At Improbable, we want to make it quicker and simpler to create games with SpatialOS, so that developers spend their time exploring and testing the new gameplay enabled by our technology. To do this, we’re introducing new solutions that make creating SpatialOS games with Unity and Unreal easier, while ensuring that developers don’t have to reinvent functionality that’s already in these engines.
We’re calling these new solutions ‘game development kits’ (or ‘GDKs’). These GDKs are going to be very different in approach to our existing Unity and Unreal SDKs; each will be a complete solution, offering out-of-the-box functionality and providing seamless integration with a game engine. They will deal with the hardest and most repeatable problems associated with creating multiplayer games, while keeping the native workflows of the game engines they are developed for, wherever possible. (You can sign up here to get updates about our Unreal GDK here and our Unity GDK here.)
We’re still in the process of designing these new GDKs, with input from our partners and community. They’ve asked for examples of what can be built with SpatialOS and the best way to build games with it. To help with that, we plan to include an example game with each GDK that demonstrates best practices, as well as “feature modules” that can act as templates for gameplay features driven by SpatialOS. The example games will be tested for scale and efficiency so anyone using them as a template can be sure that the code works at production-quality levels.
The Unity GDK will focus on creating a native-feeling development experience for Unity, to increase performance and align with Unity’s future plans, including the new Entity Component System. The kit will also include “feature modules” that address specific challenges: game developers will be able to see and use our recommended solutions for functionality such as AI navigation, character movement and shooting, all in the context of a world built on distributed systems.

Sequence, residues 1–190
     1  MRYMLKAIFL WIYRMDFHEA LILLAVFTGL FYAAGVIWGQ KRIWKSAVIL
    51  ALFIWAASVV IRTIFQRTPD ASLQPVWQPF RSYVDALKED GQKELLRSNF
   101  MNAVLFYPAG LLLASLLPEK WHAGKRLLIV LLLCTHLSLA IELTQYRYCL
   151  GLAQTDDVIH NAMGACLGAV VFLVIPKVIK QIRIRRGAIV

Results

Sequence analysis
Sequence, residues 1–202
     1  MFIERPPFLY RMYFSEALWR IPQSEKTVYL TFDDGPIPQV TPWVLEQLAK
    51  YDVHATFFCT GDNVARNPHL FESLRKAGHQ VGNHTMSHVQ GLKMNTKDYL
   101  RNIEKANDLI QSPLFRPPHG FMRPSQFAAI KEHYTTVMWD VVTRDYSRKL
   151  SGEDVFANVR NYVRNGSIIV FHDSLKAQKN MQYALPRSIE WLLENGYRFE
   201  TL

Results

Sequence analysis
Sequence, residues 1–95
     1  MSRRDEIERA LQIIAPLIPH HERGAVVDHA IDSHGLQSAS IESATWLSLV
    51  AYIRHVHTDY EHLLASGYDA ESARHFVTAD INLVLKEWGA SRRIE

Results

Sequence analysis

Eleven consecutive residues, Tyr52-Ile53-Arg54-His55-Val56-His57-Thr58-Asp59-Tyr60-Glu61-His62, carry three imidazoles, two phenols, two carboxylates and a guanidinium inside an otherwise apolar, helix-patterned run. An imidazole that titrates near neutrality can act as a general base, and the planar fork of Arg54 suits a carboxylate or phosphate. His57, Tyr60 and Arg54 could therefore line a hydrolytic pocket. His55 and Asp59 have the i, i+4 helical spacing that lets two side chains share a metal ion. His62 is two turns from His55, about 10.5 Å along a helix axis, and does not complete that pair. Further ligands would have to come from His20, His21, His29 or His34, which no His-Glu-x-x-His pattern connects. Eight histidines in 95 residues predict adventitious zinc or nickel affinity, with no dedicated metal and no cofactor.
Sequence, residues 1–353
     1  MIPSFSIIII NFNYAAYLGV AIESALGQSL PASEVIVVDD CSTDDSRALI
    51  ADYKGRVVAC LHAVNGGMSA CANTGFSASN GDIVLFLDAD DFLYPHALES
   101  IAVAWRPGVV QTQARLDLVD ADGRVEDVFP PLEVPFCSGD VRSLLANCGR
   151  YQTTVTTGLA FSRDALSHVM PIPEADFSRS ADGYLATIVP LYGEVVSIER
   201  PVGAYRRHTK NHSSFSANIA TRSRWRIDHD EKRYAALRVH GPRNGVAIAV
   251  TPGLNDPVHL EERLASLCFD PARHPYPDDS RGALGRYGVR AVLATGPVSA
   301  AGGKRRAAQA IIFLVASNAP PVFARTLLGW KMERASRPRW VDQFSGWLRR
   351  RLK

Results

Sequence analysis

Our approach to creating a GDK for the Unreal Engine is different to Unity. Epic Games publishes Unreal as source code and the Unreal engine already includes popular replication features for multiplayer games such as a Character Movement Component and Game Mode. With the GDK for Unreal, therefore, our aim is to enable the engine’s networking and multiplayer features to work with the SpatialOS platform out of the box. We plan to have SpatialOS’ extended functionality work seamlessly with the Unreal Engine.
Today, we are developing the GDKs and we will issue regular progress updates via our blogs and newsletters. Over the summer, we hope to have source code for both the Unity and Unreal GDKs available publicly on GitHub under our new licence.
We are looking forward to evolving these GDKs together with the community, so later on in the development cycle we will be taking code contributions; we will encourage users to contribute to our GDKs, make their own “feature modules” on top of them and distribute them – see our license for more details.
The GDKs are just one part of our new open ecosystem. We are also making the source code of our Unity and Unreal SDKs publicly available on GitHub.
At Improbable, we’ve always believed that everyone benefits from open development and that code gets better, faster, when it’s public – that’s why, in the past, we’ve both published the source of code we’ve made ourselves and championed public software generally.
To enable developers to create bigger and better gaming experiences, we need a large ecosystem of content, tools and examples. We plan to follow up with more details on our vision for this in a few weeks, but today we are making a change which enables developers to not just create games, but create businesses of their own on top of SpatialOS.
All this means that, as of SpatialOS 13, the Unity and Unreal SDKs are no longer packaged with SpatialOS. This does not apply to our core platform C++, C#, and Java SDKs; these remain packaged with SpatialOS and we don’t plan to decouple them.
Just as we continue to support the core platform language SDKs, we will continue to support the GitHub-hosted Unity and Unreal SDKs, and we are excited to see what the community can do with them. For now we are not accepting external contributions – however, if you want to contribute, please let us know on our forum or Discord channel.
If you are currently developing using either the Unity or Unreal SDK and would like to use the Unity or Unreal GDK when they are available, there will be a migration path to do this.
To reiterate, we’re doing two things today: publishing the source of our Unreal and Unity SDKs, which should allow you to customise the SDKs as you want and should provide greater insight into the how the SDKs work; and revealing our new GDKs, which make SpatialOS development quicker and easier. To make these GDKs the best they can be, we’d love your input – you can give your feedback in our forums and Discord. And if you want more information about the GDKs, direct from our developers, sign up below.